In 1876 Dawson wants to prevent a train from getting to Tomahawk CO on time, to keep it from competing with his stage coach line. Kit, who must get the train to its goal, forces Johnny ... See full summary »
What is the life of a Geisha like once her beauty has faded and she has retired? Kin has saved her money, and has become a wealthy money-lender, spending her days cold-heartedly collecting ... See full summary »
Ned Bannon comes across rustlers and is shot and left for dead, but is found in time by a wagon train heading for California. When he recovers he becomes suspicious of the two outsiders who... See full summary »
While doing a good deed, the title hero has to shoot a man in self defense, and go into hiding. His peace is interrupted when a cattle baron rides into his territory, and decides to settle ... See full summary »
At a desert inn, Cully's outlaw gang meet former associate Simon Bhumer, now planning to retire on a farm with his wild, luscious daughter Lolly. On a stormy night, Cully and Lolly almost have an affair, broken up by Simon who still has a fast draw. But later, as the gang heads for the border after a bank robbery, they encounter the Bhumers and a band of renegade Apaches. It's soon a question of who is pursuing whom. Written by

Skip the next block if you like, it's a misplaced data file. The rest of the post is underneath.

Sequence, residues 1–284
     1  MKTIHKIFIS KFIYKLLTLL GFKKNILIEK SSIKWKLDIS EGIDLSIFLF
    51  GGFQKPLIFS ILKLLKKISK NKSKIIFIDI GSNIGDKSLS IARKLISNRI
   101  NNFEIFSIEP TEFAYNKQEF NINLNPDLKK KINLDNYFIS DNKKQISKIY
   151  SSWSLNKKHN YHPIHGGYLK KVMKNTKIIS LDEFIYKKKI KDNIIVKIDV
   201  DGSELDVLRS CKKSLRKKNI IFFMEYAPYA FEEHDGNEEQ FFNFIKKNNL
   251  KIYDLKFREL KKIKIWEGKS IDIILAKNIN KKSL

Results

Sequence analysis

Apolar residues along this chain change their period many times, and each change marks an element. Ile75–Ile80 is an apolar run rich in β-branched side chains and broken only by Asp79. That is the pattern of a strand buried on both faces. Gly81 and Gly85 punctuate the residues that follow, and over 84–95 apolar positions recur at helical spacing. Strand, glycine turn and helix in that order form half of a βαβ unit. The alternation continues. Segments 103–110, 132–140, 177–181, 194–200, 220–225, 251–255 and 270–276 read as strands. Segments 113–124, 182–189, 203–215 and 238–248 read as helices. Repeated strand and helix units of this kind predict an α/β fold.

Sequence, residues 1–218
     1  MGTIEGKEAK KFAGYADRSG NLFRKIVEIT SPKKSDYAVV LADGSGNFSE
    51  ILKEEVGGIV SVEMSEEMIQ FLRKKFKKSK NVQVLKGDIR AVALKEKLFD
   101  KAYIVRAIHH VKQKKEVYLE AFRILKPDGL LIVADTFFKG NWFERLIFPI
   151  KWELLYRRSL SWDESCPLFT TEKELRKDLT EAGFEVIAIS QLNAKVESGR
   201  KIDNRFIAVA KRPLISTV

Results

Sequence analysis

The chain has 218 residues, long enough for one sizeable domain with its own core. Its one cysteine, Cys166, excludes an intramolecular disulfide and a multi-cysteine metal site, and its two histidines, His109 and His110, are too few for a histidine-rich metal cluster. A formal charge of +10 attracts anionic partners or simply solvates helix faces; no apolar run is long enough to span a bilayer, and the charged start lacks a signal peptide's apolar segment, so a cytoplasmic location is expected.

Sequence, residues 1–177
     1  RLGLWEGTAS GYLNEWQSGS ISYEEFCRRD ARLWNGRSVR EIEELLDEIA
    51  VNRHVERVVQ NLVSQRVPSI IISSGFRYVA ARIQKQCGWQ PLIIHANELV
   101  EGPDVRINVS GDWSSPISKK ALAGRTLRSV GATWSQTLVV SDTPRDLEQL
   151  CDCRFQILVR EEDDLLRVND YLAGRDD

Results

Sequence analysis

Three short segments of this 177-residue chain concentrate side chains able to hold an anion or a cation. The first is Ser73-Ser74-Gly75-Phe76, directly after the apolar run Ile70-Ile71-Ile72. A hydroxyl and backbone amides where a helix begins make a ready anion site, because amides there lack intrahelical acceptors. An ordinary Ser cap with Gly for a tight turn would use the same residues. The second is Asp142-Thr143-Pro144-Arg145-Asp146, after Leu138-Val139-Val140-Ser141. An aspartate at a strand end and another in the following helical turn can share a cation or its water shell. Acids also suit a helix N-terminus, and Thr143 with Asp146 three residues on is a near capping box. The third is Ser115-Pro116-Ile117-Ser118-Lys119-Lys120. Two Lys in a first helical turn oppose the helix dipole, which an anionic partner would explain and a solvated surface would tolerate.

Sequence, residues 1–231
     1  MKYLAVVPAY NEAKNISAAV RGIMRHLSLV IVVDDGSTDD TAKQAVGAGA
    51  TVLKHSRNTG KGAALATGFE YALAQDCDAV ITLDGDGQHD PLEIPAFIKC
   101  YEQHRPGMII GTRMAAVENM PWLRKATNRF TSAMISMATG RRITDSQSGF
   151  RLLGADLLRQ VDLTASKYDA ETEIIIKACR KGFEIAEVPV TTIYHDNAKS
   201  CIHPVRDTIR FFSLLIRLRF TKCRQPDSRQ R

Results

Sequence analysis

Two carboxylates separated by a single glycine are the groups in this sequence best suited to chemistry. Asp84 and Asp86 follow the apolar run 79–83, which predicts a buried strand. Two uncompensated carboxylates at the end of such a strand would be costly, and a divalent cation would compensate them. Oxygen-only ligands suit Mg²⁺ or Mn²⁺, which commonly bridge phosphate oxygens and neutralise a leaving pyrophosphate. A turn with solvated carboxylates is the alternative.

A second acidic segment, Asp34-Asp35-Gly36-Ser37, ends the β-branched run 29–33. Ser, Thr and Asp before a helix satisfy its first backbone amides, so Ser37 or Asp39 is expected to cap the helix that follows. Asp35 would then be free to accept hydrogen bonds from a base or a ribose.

Rod Crawford <email@example.com>
This dull shoot-'em-up, a typical run-of-the-mill, cowboys 'n' Indians, robbers vs.posse oater, has one remarkably fascinating aspect: a bare-bones plot punctuated by surprisingly sexual imagery, much of which can be interpreted as homoerotic. Some scenes are steamingly obvious in their depiction of passion, and others are so gratuitously injected that they can only be seen as surreptitiously symbolic. (There's even a totally irrelevant pussycat with kittens). The creators must have had a bang-up good time foisting such a naughty piece on mid-fifties audiences, and modern viewers should have just as much fun ferreting out each and every nuance! Fans who favor peeking below the Production Code will have a ball!
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